I've thought a certain degree of "worst case scenario" thinking is good for going off in AK, like, "If I break my leg, not going anywhere, am I set to stay overnight with what I have on my back now?" I ALWAYS HAVE THIS ALONG.

    Somewhere, I heard an Old Timer say, "NEVER, EVER leave your pack behind," and I NEVER DO for that Possibles Bag idea

    As far as Zero Zero camp finding, I've also been taught the craziest thing to do in that situation is wander around trying to find it,
    "I JUST KNOW it's over here somewhere...... Oh No, that rocks not where I thought it was, this valley doesn't look familiar now..........
    in Zero Zero ??? Time to hunker down

    Tho now, I mostly hunt from a boat so not too tough to find the beach, just a bummer if you pick the wrong valley to drop down, rounding capes on the beach can be Real Tough. Yep, I've done it. Bummer
    and then just gettin to the beach doesn't necessarily mean you'll get out to the big boat, so once again.....Possibles????
    Ten Hours in that little raft off the AK peninsula, blowin' NW 60, in November.... "the Power of Life and Death is in the Tongue," and Yes, God is Good !

  16. #16
    Member oakman's Avatar
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    Good post Joe. I'd really like to meet you one day and pick your brain for a while. It sounds like you have an abundance of knowledge, especially when it comes to sheep hunting!

    This is one reason why I picked red as the color of my tent. I really appreciate all of the reflective material on it. Much easier to find a night. Just a glance with a headlamp it you can see it from a long way off.

    I also make a habit of marking my location with my GPS. In the event that fails, it sure does help to have other markers.

    Good comment above as well on packs and such. I once made a final stalk on a group of rams. I set down my pack and went higher and around the side of this little hill I was on (maybe 75 feet above the valley floor). All 5 of those rams were about 7/8, so I didn't do any shooting, but when I was trying to find my barney's pack (black) on a light brown and snowy hill, it took me a long time to find. Last time I get that far from my pack, I can tell you that!

  17. #17

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    Quote Originally Posted by oakman View Post
    Good post Joe. I'd really like to meet you one day and pick your brain for a while. It sounds like you have an abundance of knowledge, especially when it comes to sheep hunting!

    This is one reason why I picked red as the color of my tent. I really appreciate all of the reflective material on it. Much easier to find a night. Just a glance with a headlamp it you can see it from a long way off.

    I also make a habit of marking my location with my GPS. In the event that fails, it sure does help to have other markers.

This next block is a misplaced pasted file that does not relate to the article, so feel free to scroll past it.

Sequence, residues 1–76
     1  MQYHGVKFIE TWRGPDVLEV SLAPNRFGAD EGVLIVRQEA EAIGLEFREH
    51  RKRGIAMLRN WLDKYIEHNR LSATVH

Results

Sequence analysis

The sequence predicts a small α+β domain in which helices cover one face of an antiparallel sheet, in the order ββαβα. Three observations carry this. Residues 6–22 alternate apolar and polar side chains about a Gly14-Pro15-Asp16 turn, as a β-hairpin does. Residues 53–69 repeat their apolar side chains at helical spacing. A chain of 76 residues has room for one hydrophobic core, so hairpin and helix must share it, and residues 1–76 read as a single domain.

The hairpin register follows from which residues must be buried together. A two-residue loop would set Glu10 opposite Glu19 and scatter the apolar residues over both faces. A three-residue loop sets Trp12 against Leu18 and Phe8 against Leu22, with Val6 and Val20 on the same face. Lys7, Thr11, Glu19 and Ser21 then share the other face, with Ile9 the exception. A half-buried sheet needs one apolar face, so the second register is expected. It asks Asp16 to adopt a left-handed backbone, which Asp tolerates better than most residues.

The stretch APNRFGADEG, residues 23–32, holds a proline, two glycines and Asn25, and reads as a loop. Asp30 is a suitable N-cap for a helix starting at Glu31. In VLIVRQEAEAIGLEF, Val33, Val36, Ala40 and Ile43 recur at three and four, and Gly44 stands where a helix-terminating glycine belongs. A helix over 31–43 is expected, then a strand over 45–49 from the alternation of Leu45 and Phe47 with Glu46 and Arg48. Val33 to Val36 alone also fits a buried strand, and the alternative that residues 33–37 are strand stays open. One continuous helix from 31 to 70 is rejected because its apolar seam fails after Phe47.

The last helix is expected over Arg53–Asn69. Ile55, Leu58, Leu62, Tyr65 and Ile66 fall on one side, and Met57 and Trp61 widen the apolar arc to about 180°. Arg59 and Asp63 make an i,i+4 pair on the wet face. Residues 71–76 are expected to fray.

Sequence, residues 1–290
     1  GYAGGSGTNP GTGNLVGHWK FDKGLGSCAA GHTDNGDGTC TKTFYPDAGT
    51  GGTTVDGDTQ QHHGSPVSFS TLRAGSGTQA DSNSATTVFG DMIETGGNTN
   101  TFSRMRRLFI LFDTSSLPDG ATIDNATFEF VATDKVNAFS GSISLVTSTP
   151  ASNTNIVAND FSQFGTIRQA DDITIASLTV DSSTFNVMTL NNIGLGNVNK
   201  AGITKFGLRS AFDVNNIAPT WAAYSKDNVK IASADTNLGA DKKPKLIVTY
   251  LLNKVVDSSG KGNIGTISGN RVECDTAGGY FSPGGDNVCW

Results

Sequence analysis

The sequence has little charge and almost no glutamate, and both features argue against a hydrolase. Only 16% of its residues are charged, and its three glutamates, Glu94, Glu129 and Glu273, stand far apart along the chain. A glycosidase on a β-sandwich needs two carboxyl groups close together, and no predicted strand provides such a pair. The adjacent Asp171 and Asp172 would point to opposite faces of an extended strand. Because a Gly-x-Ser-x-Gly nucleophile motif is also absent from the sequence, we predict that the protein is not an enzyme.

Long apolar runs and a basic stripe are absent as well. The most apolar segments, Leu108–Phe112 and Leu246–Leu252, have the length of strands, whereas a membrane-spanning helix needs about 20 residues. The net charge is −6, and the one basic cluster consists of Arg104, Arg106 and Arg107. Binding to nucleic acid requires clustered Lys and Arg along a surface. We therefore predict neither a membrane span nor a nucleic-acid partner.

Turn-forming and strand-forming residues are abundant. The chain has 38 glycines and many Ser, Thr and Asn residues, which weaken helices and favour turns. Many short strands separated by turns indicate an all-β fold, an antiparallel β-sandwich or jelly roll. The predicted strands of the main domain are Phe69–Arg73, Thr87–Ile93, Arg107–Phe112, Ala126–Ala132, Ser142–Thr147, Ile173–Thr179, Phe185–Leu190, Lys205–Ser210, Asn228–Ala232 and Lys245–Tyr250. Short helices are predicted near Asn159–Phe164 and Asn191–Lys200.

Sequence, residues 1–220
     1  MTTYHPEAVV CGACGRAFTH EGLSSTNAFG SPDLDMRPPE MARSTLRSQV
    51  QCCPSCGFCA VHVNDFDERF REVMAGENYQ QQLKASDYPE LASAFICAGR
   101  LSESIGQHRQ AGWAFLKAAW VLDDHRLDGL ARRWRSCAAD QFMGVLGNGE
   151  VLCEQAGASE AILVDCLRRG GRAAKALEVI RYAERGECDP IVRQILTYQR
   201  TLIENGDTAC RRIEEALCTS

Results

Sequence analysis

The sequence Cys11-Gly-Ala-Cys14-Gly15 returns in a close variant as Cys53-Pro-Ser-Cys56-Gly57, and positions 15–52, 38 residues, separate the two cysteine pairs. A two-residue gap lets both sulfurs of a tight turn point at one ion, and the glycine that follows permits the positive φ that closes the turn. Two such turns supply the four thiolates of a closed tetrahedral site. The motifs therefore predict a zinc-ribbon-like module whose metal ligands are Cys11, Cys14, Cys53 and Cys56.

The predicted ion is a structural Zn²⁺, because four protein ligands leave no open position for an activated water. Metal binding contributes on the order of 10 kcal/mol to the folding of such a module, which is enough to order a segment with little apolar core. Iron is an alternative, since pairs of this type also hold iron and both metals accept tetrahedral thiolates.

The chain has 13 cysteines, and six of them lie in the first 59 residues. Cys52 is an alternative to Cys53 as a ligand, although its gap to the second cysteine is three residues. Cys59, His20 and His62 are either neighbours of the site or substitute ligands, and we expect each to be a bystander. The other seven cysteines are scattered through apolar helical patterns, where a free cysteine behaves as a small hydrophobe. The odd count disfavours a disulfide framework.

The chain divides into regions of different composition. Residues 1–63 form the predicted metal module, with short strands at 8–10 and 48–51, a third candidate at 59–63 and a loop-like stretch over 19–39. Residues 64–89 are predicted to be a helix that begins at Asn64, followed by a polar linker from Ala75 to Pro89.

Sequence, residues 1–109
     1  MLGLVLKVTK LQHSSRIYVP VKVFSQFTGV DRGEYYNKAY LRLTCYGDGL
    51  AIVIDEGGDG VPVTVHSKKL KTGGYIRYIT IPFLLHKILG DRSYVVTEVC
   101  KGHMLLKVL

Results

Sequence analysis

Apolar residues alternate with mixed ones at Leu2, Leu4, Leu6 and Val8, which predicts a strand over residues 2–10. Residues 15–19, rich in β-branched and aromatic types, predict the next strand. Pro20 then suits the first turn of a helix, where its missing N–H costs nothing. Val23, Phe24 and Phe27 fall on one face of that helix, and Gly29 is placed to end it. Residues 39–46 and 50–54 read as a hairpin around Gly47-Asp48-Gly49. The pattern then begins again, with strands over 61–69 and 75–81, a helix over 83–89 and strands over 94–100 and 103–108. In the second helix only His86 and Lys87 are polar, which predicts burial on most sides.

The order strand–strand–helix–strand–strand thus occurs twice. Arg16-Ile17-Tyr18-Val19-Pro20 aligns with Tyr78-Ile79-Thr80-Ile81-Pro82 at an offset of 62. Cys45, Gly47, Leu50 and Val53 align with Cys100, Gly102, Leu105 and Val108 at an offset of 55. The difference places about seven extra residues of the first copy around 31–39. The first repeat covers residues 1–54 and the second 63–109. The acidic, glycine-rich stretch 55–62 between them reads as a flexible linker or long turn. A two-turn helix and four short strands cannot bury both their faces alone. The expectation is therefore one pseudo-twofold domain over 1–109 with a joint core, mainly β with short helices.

Good comment above as well on packs and such. I once made a final stalk on a group of rams. I set down my pack and went higher and around the side of this little hill I was on (maybe 75 feet above the valley floor). All 5 of those rams were about 7/8, so I didn't do any shooting, but when I was trying to find my barney's pack (black) on a light brown and snowy hill, it took me a long time to find. Last time I get that far from my pack, I can tell you that!
    Thank you. We are working on a sheep hunting presentation for next spring to go along with the bear hunting. Hopefully it will all work out.
    Again - thank you
    Joe (Ak)

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    Ya, Great thread

    Im thinking that in Zero-zero, there is no finding camp, unless Im already in it. 'Zero-zero', to me, is when I cant see 10 yards, and without actually seeing landmarks, its suicidal to carry on.
    A good sense of direction helps here, as does a compass , but even a GPS wont tell ya where cliffs, creeks, and boulder rubble is.
    3 feet of snow and such, with some visibility, yes, but looking when you cant tell Haven from Earth , I hunker down, outta the wind.
    Been in it too many a time in Winter hunts/travle and with time all **** weather passes. I just sit tight and pass the time.
    Its worked for me quite few times, when I cant even see the next steak on the trail, to sit and wait, even all night, and I am still alive, yet.

    It always good to stop and stay "Unlost", even if youyr camp is in a known place, but you arnt there.
    If you can't Kill it with a 30-06, you should Hide.

    "Dam it all", The Beaver told me.....

  19. #19

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    Zero-zero conditions......I think strangerinastrangeland hit the nail on the head. Stay put and hope and pray for it to let up. I wonder how many here have ever seen and experienced these kind of conditions.

  20. #20

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    Quote Originally Posted by Finley View Post
    Zero-zero conditions......I think strangerinastrangeland hit the nail on the head. Stay put and hope and pray for it to let up. I wonder how many here have ever seen and experienced these kind of conditions.
    Not me. The lowest visibility (outside of darkness of course) is about 50 yards. But even then the GPS guiding me back to the tent sure came in handy no doubt. Though I have enough gear in my pack always to wait out most of what AK has to offer.